Moody Moulds

Moulds are plants but not green plants.  They don’t have the green pigment chlorophyll and so cannot produce their own food.  They belong to a very large group of plants called FUNGI. The same group that our mushrooms and toadstools belong to. But Moulds are very, very tiny and their bodies are made up of thin white  threads like cotton. 

They reproduce in the same way as mushrooms and toadstools by producing black spores. When these land on a suitable food source they put out hyphae which grow into the food. These spores are in the air everywhere and we can’t get away from them.  Even when you seal food in a plastic bag or an airtight container there will already be spores on the food so it will go bad. How quickly depends on the temperature.  That’s something you can investigate! 

They get their food by secreting enzymes that break down whatever they are growing on which is often our food ! Then the digested food is absorbed by the hyphae. 

So. We know that Moulds make food go bad and that is very annoying! Do Moulds have any uses? 
Well yes!  We would  be in a mess without them! Literally ! 

Like all Fungi, Moulds help to break down (decompose ) dead animals and plants and any odd bits of food that careless people have left lying around. They are very active in compost heaps. While breaking down the dead plants and animals they release nitrogen carbon and oxygen back into the atmosphere. 

There is also one very important mould from which we obtain the antibiotic Penicillin. To learn more about this click on this link: 

Do you like cheese?  Well, we wouldn’t have that if it wasn’t for Moulds !!  Check that out here: 

Things for you to do: 
Please remember that you must always check with an adult before doing any investigations and before looking anything up on the Internet. Mould spores are a risk to health so never smell Moulds! The Mould garden should be disposed of without removing the lid. 

1. Grow a mould garden :  see the JUMBLES DOING THIS HERE:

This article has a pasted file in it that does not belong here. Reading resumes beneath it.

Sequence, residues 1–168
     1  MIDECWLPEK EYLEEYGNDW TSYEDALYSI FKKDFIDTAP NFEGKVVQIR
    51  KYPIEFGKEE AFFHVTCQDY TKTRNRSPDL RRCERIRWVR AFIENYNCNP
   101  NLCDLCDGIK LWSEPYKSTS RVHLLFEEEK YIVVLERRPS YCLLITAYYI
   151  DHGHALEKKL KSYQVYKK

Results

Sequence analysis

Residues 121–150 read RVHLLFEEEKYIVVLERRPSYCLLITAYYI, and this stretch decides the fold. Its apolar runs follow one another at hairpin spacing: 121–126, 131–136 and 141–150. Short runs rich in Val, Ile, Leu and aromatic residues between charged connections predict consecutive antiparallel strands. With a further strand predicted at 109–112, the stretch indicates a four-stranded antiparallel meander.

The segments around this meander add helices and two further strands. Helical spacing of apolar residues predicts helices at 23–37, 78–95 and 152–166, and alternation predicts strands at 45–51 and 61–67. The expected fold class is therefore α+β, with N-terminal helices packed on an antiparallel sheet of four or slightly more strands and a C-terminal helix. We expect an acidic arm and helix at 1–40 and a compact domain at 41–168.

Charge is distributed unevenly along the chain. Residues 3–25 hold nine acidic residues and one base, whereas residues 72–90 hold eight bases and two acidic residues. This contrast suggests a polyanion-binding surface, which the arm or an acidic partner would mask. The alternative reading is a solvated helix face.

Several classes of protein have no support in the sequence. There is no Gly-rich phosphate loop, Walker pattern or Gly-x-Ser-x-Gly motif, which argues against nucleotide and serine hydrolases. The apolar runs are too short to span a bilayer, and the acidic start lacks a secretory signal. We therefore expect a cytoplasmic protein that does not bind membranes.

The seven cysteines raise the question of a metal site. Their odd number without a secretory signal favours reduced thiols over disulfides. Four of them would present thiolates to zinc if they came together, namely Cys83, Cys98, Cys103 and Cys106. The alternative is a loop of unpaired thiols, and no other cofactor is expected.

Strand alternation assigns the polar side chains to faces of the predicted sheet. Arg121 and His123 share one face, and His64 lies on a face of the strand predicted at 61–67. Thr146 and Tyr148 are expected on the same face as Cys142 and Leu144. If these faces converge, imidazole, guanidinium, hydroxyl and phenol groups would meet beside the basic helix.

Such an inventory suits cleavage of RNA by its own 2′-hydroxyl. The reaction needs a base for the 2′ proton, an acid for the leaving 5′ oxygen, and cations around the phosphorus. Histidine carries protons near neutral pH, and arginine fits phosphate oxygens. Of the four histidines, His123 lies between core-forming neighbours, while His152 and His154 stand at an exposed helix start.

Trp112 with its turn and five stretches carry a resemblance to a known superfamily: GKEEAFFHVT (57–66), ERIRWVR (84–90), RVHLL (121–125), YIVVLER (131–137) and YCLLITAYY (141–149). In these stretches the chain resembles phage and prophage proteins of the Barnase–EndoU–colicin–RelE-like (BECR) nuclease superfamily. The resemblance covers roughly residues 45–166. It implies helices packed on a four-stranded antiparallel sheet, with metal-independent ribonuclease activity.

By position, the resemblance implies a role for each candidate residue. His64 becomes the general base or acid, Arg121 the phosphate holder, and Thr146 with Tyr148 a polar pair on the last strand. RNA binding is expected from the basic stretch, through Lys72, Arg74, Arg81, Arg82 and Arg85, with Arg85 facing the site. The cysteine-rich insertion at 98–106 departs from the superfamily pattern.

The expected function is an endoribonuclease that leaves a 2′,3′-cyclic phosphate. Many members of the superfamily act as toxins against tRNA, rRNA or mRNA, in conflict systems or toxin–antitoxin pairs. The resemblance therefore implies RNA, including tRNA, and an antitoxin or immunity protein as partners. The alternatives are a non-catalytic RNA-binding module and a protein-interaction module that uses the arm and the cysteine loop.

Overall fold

2. Find out how temperature affects the growth of mould. 

To do this you will need  4 plastic bags . The type that seal with little zips are best. Four similar items of food, for example four  slices of bread from the same loaf. 

All you need to do is sprinkle each slice of bread with just a tiny bit of water. Half a teaspoon is sufficient. Then seal in the bags. Put one in the freezer. One in the fridge and one should be left out in a cool room. He last one should be placed somewhere warm like on a sunny window ledge. 

First predict what you think will happen. 

Then check very couple of days and record your results. 

At the end draw your conclusions.  What happened ? Why do you think this happened? 

3. If you would like to see a speeded up video of Moulds growing and reproducing click on this link: 


Meet one of the oldest animals to inhabit the earth 

Yes! It’s the European House Centipede. Fossils have been found dating back more than 400 million year so it can definitely claim to be one of the oldest animals on earth!  Lizzie found it wandering around Jumble House and thought you would like to see it before we set it free again. 

What kind of an animal is it? Well it’s not an insect because it has more than six legs and it’s even got more than a spider!  A centipede belongs to a group of animals called Arthropoda. Crabs and lobsters also belong to this group. 

It’s also one of the fastest running like grease lightening at a speed of 40 miles an hour so it would be breaking the speed limit in all the built up areas of the U.K. or Europe!

100 legs? No!  Although the name suggests that they have 100 legs they just look like they have.  Most European centipedes have about fifteen pairs of legs. The legs are very thin and nearly as long as it’s body.  Centipedes can live for several years and they can regrow their legs which often get chopped off when a bird tries to catch them! They live in dark damp places like under rocks and wood and prefer to hunt at night. 

Are they dangerous?  No.  Just scarey because they are so wiggly and move so quickly.   They have poisonous front claws but these are too small to bite through our skin.  In the desert there are giant centipedes which can bite humans and this is a bit like being stung by a bee.  They use their claws to catch food for their dinner. They are carnivores (meat eaters) and eat insects and other bugs like worms and they may even eat their friends!  The larger ones can eat frogs and birds! 

But, despite their choice of food, Centipedes can be good mothers and some carry their eggs around until they hatch. 

For more on centipedes and to have a closer look at the one Lizzie Witch found at Jumble House, click on the link below: 

The European House Centipede